If you want your online store to look like your website, someone is going to have to do the customization. It's easier, since they are not having to develop the design from scratch, but it is still work that you have to either do yourself or pay someone else to do.
Choosing a Hosted Store
So, how do you choose a plan? We discussed a lot of the considerations in Part 4. In this case, some of the factors to consider are:
- Support. With a Hosted Store solution, you're using someone else's system for your eCommerce. How much support are you going to need? What kind of support? The larger, more generic providers tend to offer lots of documentation and basic support. Smaller, more specialized providers expect to provide more personal support. You have to decide which better meets your requirements (and budget).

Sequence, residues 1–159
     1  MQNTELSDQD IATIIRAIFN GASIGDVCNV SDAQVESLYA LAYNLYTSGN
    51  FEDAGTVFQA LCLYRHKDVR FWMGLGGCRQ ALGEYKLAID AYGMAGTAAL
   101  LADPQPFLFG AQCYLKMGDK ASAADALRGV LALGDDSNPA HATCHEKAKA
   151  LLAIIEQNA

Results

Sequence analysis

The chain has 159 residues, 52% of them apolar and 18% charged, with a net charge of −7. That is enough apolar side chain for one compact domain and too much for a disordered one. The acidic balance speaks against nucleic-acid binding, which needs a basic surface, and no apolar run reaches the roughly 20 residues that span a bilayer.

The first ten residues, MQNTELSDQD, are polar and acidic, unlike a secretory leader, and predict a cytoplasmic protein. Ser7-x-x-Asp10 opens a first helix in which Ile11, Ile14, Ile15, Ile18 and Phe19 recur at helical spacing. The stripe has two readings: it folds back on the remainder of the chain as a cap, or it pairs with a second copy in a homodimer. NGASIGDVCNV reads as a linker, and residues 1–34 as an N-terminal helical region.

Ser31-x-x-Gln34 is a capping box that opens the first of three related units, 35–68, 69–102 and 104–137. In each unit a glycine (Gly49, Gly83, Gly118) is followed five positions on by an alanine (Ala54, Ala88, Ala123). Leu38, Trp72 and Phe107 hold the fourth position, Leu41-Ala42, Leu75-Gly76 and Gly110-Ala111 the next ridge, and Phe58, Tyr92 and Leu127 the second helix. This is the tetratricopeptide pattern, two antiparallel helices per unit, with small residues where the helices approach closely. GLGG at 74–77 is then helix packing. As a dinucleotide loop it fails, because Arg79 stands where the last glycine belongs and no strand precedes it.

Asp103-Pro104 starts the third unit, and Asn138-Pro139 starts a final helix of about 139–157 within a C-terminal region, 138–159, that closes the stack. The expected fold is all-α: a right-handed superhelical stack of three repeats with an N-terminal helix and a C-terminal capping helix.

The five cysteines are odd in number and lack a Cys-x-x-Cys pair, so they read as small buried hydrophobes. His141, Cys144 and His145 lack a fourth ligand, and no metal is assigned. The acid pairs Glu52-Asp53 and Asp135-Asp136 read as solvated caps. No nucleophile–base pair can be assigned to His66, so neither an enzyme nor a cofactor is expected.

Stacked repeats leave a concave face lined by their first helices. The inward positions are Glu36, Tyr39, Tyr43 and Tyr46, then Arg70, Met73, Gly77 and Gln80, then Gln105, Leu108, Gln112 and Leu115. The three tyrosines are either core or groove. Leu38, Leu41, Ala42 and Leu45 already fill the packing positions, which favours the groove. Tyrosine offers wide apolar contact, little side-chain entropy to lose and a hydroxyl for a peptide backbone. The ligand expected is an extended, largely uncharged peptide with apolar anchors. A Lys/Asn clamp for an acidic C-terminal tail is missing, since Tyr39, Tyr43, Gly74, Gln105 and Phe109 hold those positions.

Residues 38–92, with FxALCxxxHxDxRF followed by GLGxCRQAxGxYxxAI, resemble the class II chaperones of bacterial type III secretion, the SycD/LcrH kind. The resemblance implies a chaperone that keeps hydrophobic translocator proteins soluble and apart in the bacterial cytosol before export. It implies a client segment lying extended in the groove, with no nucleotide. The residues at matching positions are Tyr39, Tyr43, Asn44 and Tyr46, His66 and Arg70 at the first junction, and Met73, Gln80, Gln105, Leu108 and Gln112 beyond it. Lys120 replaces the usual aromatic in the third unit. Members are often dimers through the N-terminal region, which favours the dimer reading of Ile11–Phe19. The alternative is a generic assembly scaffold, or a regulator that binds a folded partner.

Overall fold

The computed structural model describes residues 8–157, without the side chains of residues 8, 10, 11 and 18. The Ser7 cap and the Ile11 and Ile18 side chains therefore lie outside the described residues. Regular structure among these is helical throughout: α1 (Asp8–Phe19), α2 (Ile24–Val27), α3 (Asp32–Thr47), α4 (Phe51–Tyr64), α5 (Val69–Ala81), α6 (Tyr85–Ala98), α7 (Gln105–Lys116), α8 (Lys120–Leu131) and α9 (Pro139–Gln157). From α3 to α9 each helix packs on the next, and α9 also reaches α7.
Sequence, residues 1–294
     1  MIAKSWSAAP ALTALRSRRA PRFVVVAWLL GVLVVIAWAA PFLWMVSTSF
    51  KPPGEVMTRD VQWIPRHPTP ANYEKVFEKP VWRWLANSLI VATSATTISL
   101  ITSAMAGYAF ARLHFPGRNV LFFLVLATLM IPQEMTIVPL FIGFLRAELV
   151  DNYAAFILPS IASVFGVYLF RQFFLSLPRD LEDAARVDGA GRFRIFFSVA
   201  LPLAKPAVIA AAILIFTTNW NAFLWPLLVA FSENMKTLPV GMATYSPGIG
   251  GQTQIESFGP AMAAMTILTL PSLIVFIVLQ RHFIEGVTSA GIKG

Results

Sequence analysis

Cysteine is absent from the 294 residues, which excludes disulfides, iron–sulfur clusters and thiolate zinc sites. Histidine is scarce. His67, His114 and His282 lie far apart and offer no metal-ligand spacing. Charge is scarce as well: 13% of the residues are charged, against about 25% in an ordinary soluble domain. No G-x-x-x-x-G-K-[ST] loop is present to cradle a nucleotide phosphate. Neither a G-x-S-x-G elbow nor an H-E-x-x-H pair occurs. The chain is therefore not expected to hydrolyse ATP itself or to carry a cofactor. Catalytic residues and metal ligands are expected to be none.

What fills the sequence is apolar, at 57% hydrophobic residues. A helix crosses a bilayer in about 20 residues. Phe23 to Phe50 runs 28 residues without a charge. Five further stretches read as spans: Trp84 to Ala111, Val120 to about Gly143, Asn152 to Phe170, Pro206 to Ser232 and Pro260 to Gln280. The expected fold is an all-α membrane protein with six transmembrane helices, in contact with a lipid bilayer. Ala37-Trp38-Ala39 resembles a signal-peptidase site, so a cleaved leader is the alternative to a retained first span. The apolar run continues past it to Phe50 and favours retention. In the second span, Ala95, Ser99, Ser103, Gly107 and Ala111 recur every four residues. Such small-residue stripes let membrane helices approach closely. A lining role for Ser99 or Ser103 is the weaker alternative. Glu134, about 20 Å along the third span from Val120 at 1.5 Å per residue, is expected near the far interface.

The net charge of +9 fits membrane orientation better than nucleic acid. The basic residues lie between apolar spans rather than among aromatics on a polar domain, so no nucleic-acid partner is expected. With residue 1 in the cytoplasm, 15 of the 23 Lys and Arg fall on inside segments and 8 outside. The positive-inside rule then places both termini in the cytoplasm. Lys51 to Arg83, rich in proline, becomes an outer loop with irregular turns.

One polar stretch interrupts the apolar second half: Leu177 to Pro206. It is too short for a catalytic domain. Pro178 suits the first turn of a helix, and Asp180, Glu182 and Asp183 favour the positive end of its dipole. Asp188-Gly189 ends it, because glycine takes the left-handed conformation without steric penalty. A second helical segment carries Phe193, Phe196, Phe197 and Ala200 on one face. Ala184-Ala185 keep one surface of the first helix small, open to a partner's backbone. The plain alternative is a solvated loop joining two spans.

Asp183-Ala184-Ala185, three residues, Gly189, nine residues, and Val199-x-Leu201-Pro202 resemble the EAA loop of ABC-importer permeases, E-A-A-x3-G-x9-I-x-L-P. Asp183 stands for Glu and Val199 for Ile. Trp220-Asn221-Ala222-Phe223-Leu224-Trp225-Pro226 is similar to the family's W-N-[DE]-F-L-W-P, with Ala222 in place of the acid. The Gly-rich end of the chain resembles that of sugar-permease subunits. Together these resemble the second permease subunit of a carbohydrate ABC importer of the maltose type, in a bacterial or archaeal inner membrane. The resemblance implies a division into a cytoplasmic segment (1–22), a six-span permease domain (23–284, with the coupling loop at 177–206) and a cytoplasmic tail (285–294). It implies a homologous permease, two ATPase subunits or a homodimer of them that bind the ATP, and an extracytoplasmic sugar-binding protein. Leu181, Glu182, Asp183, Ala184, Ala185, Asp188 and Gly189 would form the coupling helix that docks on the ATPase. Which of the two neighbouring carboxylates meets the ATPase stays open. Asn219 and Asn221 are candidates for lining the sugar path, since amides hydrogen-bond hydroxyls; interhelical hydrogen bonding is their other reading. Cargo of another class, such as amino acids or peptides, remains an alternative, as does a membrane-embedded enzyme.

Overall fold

- Existing Merchant Account. If you already have a Merchant Account, you'll have to decide whether you want to continue using it or not. For example, if you have Point-Of-Sale (POS) terminals you'll need to keep your Merchant Account to service those. In that case, you might prefer a Hosted Store that uses your existing Merchant Account.
- Features. Although all of the Hosted Store providers offer the basics, they differ in how these are implemented. And don't stop your evaluation with just the basics— you might find that one provider offers a more obscure feature that's exactly what you need.
- Cost. Of course, cost is always a consideration. You should use your expected transaction volumes and other costs (for example, a Merchant Account) to estimate you annual cost.
Summary and Next Steps
That ends our overview of the Hosted Store scenario. This is a very popular approach, but as you probably noticed, there are still a lot of decisions for you to make.
This also is the last of our four major eCommerce scenarios.
But choosing which of the scenarios is appropriate for you is only part of a successful eCommerce implementation. There are many other aspects that you need to consider. In Part 9, we'll take a look at what else you need to keep in mind .